Paul Hannon and Alex Macdonald, Wall Street Journal, October 11, 2013
Shares of U.K. postal service Royal Mail PLC RMG.LN -2.20% soared on their first day of trading, rising 38% above the government’s original offer price and leading to criticism that taxpayers have been deprived of needed revenue.
Royal Mail shares reached an intraday high of 460 pence a share, from an original offer price of 330 pence a share, which was already at the top end of the government’s price range. The shares ended Friday at 455 pence.
The initial public offering of a 52% stake in the postal-services group is part of the U.K. coalition government’s plan to sell off state assets to help cut the country’s budget deficit. It represents one of the biggest and most controversial privatizations the country has seen for decades.
The Communications Workers Union, many of whose members work for Royal Mail, criticized the government’s handling of the sale. “The massive jump in the share price confirms that the government and its expensive city advisers got the pricing structure wrong and have undervalued this treasured national institution,” said Billy Hayes, the union’s general secretary. “The taxpayer has lost out immediately, and we all now face an uncertain future for our postal services, which will be run for profit instead of public service.”
The union is canvassing its Royal Mail members with the intention of calling a strike to protest the privatization of the company and to seek a new agreement on work terms and conditions. Voting closes Wednesday, and the earliest date that a strike could be held is Oct. 23.
The opposition Labour Party has criticized the Royal Mail IPO along similar lines.
U.K. Business Secretary Vince Cable on Friday defended the government’s process, saying that what matters is where the share price settles over time, and that Royal Mail now will have access to private capital with which to modernize.
“You get an enormous amount of froth and speculation in aftermath of a big IPO of this kind,” Mr. Cable said in an interview with British Broadcasting Corp. “It has absolutely no significance. What matters is where prices settle. The bulk of shares have gone to long-term institutional investors, mainly British pension funds and insurance companies.”
Mr. Cable said decisions about how to allocate shares among potential investors were made by the government’s advisers. “There was no political involvement,” he said. “We had a professional team and professional advice, and I was not going to interfere with it.”
Institutional investors snapped up two-thirds of the offer, with the rest going to retail investors, the Department for Business Innovation & Skills said.
The selloff also will create the largest employee share plan of any British privatization for almost 30 years, with about 150,000 Royal Mail employees eligible to get free shares. In total, employees could hold a combined 10% stake in the company.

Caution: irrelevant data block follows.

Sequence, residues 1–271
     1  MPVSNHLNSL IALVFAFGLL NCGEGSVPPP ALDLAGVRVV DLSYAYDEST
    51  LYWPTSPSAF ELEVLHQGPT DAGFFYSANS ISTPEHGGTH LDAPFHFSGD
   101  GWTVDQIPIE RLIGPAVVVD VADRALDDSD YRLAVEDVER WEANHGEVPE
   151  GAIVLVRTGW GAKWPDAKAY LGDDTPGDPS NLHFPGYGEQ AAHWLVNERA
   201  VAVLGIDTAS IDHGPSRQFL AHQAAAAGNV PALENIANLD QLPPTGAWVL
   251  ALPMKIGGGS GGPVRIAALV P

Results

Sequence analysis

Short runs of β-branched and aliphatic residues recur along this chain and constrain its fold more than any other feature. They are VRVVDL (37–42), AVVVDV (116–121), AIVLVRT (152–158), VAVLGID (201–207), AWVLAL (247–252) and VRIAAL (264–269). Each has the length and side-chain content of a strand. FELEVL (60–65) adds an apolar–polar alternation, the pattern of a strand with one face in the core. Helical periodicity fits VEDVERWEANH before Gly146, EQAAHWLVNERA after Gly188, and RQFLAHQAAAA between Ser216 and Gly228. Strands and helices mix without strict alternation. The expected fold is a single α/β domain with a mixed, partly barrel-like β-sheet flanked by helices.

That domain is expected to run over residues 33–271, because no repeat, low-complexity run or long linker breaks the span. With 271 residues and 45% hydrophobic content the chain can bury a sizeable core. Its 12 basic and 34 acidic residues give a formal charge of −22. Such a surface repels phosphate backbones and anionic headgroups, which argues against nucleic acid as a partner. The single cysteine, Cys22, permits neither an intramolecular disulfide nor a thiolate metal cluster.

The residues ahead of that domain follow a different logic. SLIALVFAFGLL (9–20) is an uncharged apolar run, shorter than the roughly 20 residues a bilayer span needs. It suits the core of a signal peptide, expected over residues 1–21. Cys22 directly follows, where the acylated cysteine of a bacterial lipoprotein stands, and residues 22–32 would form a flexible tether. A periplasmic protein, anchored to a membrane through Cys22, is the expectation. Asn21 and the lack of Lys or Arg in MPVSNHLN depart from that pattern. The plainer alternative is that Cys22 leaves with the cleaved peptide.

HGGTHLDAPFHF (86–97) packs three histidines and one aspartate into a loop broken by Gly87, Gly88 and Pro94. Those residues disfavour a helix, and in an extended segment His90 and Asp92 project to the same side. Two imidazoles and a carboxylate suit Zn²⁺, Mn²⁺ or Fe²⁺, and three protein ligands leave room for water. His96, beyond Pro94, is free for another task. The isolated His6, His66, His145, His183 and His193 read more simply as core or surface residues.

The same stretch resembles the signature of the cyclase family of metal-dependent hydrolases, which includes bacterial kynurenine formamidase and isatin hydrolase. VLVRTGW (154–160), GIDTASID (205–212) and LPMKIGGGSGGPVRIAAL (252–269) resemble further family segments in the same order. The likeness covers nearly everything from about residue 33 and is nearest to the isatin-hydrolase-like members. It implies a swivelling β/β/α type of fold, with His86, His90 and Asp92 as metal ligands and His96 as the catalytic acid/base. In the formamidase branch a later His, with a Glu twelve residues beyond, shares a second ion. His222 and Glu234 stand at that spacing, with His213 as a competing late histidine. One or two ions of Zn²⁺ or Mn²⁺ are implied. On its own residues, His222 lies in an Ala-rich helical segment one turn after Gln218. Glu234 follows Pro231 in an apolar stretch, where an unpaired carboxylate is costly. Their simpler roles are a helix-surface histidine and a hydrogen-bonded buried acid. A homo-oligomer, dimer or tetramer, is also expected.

The government previously indicated the shares would be priced between 260 pence and 330 pence a share, valuing Royal Mail at £2.6 billion to £3.3 billion ($4.15 billion to $5.27 billion). The government said on Thursday that it would raise £1.72 billion from the offering if an overallotment of shares option isn’t exercised or £1.98 billion if it is exercised.
Conditional trading, which lets institutional investors trade shares while the regulatory listing process is being completed, started Friday, although transactions won’t be completed until the first official, unconditional day of trading on Tuesday.
In recent days, some investment analysts have joined the Labour Party in suggesting the government may have undervalued Royal Mail. Among those, stockbroker Panmure Gordon & Co. valued the company at between £3.7 billion and £4.5 billion.
P.J. Davies, head of Quest analysis group at investment bank Canaccord Genuity Ltd., said his firm agrees that Royal Mail was sharply undervalued. “Our view is that the company is worth 599p a share—that’s an 82% upside to its 330p issue price,” Mr. Davies said. “We have a buy recommendation on Royal Mail for our institutional clients.”
Royal Mail dates back to 1516, when King Henry VIII ordered the creation of the first national postal service. In recent years, however, the company has battled the rise of the Internet and email, leading to losses in five of the past 12 years and the elimination of more than 50,000 jobs. It now handles about 58 million letters and parcels a day, down from 84 million five years ago.
The privatization of Britain’s postal service follows similar moves by some European neighbors. Austria, Germany and the Netherlands have all privatized their postal services in part or fully. In June, Belgium’s postal service, Bpost, raised €2.9 billion ($3.9 billion) in an IPO.
— Rory Gallivan, Ainsley Thomson and Nick Cawley contributed to this article.